The party’s official Facebook page published a song to be played at their rallies to support the constitution. In the song, preserving Sharia and Islamic identity is mentioned as the third reason to support the constitutional draft. Ensuring stability and building state institutions were the first two.

Critics of the major Salafi party have speculated that it has lost popularity among conservative Islamist circles following its support of the military intervention that ousted President Mohamed Morsi in July.

Alexandria-based journalist Abdel Rahman Youssef tells Mada Masr that the Nour party’s pro-constitution campaign in the coastal city was initially targeting its grassroots Salafi networks more than the general public.

A mass rally by the party was held two weeks ago, featuring major religious leaders of the Salafi Dawah, the mother organization of the Nour Party. “Most of the audience was from the Salafi community; buses transporting party members from other governorates came to the rally,” Youssef says. “It was obvious that the party was targeting its base. In wider circles, Salafis talk more about stability and the economy,” he explained.

The Muslim Brotherhood has dismissed the draft constitution as a “victory for the church and its secular allies.” Supporters of the military-backed interim government have mobilized official religious authorities to counter Brotherhood claims that the new constitution is anti-Islamic.

In mid-December, speaking at a public gathering in Cairo to launch the “Egypt is my country” campaign, former Grand Mufti Ali Gomaa urged Egyptians to “mobilize in support of a constitution that will amaze the world and frighten the hearts of the terrorists,” referring to supporters of the Muslim Brotherhood group.

“Go out yourselves, with your wives and your children, to the ballot boxes,” Gomaa exhorted his listeners. “Every owner of a factory, every owner of a farm should mobilize their workers. Everyone who goes with their families, know you are supported by God because you are against corruption, atheism, hypocrisy, division and immorality,” he said.

Any space for a “no” vote?

Amid an atmosphere of loud support for a “yes” vote, voices declaring their rejection of the draft constitution are muffled.

On December 22, the Brotherhood called for a boycott of the “null and void” referendum. But, the group — now officially designated a terrorist organization — will be unable to mobilize publicly against the charter.

One of the few political forces that has called for rejecting the draft is the Strong Egypt Party, founded by former Brotherhood leader and presidential candidate Abdel Moneim Abouel Fotouh. Founded predominantly by former members of the deposed Islamist organization, the party has been viewed as a promising moderate “middle way” by supporters, and dismissed by critics as an offshoot of the Brotherhood.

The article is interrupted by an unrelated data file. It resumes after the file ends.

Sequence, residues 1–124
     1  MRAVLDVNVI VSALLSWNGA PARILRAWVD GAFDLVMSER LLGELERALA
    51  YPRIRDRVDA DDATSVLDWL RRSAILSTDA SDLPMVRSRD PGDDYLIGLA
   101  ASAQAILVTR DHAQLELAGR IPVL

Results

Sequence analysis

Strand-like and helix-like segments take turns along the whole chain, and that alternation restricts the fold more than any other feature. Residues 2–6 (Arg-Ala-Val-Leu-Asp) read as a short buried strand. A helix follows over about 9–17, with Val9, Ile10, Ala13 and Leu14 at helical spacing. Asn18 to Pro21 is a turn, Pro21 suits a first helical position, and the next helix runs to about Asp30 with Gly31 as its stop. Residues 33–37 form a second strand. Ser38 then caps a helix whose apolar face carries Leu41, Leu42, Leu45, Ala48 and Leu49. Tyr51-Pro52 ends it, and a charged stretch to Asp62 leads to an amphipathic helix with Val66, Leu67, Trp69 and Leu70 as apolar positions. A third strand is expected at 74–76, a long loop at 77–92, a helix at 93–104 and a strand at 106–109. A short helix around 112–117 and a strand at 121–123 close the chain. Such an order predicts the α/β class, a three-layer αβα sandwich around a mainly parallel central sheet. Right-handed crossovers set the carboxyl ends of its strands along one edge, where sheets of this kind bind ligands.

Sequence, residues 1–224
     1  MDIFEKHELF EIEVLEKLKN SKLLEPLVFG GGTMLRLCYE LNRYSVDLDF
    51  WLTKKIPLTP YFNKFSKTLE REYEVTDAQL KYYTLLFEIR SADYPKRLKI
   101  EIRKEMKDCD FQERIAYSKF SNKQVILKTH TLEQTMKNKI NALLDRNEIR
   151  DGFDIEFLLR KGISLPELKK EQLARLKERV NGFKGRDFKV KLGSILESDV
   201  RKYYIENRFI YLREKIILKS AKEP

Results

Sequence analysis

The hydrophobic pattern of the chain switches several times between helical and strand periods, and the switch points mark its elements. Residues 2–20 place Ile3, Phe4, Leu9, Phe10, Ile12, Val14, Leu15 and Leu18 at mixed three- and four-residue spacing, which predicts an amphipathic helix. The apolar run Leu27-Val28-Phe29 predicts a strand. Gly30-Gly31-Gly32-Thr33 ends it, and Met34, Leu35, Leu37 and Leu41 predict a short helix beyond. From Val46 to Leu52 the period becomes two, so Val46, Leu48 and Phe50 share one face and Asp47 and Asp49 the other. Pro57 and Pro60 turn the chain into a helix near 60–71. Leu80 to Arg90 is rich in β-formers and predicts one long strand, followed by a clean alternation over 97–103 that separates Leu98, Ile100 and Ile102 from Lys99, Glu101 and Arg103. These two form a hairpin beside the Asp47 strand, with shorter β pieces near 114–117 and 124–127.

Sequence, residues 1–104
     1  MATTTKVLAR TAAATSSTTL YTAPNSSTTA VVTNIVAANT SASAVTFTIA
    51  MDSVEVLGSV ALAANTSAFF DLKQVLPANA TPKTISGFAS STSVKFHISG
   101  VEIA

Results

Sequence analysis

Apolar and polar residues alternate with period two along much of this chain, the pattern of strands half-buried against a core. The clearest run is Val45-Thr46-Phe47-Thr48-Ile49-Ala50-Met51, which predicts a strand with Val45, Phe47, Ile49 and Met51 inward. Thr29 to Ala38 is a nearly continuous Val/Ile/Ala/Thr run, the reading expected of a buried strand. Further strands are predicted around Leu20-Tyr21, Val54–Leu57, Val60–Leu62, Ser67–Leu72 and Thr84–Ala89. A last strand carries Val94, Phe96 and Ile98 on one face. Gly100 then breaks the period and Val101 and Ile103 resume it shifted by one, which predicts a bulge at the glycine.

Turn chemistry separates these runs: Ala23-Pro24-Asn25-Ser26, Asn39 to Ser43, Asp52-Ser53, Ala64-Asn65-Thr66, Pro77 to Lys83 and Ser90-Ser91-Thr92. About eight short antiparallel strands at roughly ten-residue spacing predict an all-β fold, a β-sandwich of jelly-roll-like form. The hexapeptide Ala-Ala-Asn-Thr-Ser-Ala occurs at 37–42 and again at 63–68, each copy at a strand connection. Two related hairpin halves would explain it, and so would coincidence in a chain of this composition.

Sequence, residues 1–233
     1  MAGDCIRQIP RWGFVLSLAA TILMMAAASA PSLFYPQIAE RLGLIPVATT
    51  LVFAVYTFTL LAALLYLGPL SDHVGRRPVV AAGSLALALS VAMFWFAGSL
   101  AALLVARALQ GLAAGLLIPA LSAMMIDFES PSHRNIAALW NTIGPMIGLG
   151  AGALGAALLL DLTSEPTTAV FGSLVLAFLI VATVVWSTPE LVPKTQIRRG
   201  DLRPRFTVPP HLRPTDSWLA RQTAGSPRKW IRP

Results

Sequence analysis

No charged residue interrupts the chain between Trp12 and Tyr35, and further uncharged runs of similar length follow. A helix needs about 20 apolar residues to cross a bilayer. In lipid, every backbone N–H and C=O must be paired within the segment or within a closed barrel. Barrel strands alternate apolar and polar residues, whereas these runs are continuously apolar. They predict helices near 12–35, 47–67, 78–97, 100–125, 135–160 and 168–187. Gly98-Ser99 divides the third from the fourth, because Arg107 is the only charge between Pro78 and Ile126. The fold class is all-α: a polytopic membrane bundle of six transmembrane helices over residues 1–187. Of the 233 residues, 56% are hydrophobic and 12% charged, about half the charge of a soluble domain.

Head of the party’s public outreach committee Ayman Montasser recounts how difficult it has been for party members to campaign for rejecting the draft constitution, compared to last year, when the Strong Egypt party — alongside many other public figures and political forces — mobilized a strong “no” vote on the Brotherhood-backed constitution.

“We were planning to hold four big mass rallies across the country to call for rejecting the draft, but unfortunately all plans have been cancelled,” Montasser says.

He explains that he had heard of many cases of individuals who were assaulted by fellow citizens or arrested when they attempted to mobilize for a “no” vote.

“I’m responsible for the members I send to the streets in the campaign; I cannot bear the responsibility of them being arrested or beaten,” he says, adding that the party has decided only to hang small banners explaining why voters should reject the draft constitution.

Other groups that have called for a boycott or a “no” vote are the Revolutionary Socialists, the April 6 Youth Group and the Salafi Front.

Montasser believes that voters are not as ready to accept different voices as they were during the debate over the last constitutional referendum.

“Last year, those who said ‘no’ were considered infidels by the Brotherhood,” he says. “Those who say ‘no’ today are traitors.”

Mai Shams El-Din